March 5, 2007
Automotive engineers unveil clean, affordable minivan
Washington, D.C. – Automotive engineers from the U.S.-based Union of Concerned Scientists (UCS) have unveiled an affordable minivan design that uses existing technology but meets or exceeds global warming pollution standards for cars and trucks adopted by California and ten other states. UCS says that automakers are currently fighting these standards in court.
The minivan, called the UCS Vanguard, uses off-the-shelf engine, transmission and fuelling systems and other technologies that the engineers say would save consumers money, maintain vehicle safety and performance, and cut global warming pollution by more than 40 per cent. All of the Vanguard’s technologies are in vehicles on the road today, but have never before been combined into a single package.
The engineers say that the Vanguard minivan package would add about US$300 to the price, but result in more than US$1,300 in lifetime consumer savings, with a payback time of less than two years.
Among the Vanguard’s features are a six-cylinder engine with variable valve timing that can deactivate two cylinders when not required, an “automatic manual” transmission that electronically adjusts its six gears to increase performance and efficiency, stronger air conditioning hoses and tighter connections to reduce hydrofluorocarbon leaks, a less-polluting refrigerant, and the ability to run on E85 fuel.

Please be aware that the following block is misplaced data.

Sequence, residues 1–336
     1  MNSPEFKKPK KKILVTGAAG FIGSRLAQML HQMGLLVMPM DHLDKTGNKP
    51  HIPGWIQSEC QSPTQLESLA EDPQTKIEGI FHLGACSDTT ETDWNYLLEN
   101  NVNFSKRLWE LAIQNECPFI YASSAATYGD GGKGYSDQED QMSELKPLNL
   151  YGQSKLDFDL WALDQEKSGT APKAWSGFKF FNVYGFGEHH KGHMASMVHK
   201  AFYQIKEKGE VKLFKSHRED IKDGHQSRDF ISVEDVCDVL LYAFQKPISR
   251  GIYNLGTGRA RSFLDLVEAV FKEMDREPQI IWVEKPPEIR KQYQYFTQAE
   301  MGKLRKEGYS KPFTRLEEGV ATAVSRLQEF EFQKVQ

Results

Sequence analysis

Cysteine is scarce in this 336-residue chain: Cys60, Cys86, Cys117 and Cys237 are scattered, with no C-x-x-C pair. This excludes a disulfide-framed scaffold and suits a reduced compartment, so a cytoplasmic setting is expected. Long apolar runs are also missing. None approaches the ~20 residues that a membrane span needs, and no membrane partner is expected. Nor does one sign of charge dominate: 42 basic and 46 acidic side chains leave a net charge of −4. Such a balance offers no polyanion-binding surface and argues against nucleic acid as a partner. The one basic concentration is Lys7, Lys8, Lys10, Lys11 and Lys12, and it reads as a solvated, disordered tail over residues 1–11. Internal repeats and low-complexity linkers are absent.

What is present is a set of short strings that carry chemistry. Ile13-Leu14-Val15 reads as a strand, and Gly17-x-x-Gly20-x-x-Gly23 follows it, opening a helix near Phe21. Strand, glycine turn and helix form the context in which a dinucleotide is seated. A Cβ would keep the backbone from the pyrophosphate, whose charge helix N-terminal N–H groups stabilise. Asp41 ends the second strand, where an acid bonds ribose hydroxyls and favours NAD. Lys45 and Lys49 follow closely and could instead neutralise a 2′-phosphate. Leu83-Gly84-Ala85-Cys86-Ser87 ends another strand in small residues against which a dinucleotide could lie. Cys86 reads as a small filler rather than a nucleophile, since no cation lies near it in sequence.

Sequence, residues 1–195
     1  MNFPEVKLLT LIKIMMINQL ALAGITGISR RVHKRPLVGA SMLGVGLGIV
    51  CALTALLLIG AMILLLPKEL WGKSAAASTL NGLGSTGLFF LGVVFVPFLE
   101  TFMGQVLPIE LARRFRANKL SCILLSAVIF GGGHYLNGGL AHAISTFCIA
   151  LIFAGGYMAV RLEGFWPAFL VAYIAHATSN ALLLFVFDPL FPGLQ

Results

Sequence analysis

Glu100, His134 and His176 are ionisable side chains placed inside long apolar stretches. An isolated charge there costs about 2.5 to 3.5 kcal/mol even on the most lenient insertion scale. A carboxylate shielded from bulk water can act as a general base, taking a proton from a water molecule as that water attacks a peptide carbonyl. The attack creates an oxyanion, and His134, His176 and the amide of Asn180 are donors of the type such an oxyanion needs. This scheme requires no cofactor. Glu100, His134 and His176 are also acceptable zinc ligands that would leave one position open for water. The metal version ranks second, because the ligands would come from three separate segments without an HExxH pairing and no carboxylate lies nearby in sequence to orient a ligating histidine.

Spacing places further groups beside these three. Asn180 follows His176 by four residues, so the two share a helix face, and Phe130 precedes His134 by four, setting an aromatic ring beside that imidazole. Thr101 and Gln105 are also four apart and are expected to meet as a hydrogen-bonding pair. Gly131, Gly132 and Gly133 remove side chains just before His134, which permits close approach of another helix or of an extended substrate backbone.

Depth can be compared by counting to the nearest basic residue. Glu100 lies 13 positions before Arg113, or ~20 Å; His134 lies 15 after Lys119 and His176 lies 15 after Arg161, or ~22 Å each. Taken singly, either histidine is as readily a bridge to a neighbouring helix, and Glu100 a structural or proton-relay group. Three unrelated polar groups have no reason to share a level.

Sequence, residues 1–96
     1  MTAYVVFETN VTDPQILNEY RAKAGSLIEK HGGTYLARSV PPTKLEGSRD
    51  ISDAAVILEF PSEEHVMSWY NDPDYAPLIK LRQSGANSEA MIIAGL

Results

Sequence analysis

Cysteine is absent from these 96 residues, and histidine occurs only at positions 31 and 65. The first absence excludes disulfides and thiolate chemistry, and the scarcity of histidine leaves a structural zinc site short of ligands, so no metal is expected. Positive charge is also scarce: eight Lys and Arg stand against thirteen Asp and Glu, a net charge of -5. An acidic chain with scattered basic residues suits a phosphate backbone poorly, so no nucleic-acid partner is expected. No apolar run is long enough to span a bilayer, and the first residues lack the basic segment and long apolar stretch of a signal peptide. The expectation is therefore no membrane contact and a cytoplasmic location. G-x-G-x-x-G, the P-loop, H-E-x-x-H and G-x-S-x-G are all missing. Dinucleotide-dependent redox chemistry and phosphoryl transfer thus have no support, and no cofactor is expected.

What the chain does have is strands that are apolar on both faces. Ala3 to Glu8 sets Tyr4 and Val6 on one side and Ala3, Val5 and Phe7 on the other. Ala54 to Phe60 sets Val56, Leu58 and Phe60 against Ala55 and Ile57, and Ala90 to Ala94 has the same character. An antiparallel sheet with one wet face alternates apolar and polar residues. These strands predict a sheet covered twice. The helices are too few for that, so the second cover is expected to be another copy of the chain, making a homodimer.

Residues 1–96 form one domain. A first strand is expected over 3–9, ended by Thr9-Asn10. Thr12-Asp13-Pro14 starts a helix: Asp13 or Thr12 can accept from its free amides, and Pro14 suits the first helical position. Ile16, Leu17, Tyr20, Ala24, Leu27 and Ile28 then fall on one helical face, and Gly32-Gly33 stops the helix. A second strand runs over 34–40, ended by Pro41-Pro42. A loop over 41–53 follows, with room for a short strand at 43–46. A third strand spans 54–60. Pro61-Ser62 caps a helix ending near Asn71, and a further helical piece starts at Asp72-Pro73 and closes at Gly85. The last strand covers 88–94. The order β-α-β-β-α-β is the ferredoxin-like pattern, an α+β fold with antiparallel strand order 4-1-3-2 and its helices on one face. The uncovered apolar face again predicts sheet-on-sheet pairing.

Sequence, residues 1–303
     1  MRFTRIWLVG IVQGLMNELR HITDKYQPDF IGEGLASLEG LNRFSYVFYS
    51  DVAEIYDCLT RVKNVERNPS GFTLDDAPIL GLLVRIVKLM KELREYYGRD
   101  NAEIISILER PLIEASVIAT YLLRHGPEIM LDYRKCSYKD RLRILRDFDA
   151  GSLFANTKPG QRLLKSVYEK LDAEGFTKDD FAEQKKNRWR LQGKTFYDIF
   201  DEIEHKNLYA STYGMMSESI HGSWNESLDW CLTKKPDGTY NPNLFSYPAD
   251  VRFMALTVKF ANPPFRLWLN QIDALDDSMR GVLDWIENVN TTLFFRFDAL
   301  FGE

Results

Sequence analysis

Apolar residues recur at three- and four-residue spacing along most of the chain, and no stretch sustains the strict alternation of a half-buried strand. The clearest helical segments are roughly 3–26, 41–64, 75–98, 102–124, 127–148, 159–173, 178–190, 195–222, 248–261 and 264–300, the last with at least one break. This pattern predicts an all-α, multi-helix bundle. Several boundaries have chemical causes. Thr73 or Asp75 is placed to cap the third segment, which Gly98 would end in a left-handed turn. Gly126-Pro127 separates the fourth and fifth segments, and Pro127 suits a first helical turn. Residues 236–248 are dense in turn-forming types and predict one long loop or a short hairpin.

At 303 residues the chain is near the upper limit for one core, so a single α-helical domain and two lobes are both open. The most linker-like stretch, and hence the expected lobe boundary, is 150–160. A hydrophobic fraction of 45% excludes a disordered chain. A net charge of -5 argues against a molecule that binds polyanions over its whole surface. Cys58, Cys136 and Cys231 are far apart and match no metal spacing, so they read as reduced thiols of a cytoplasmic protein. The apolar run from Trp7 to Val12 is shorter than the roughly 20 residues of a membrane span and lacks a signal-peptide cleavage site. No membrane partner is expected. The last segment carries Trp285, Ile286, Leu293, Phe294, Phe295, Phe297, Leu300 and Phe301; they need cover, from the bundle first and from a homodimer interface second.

California standards require a 34 per cent reduction in global warming pollution for cars and light trucks, and a 25 per cent reduction for larger trucks and SUVs within the next ten years. The state is the only one allowed under federal law to set air pollution standards higher than those imposed by the federal government; other states have the authority to follow California’s lead. Auto industry trade groups have filed lawsuits in California, Rhode Island and Vermont to block implementation.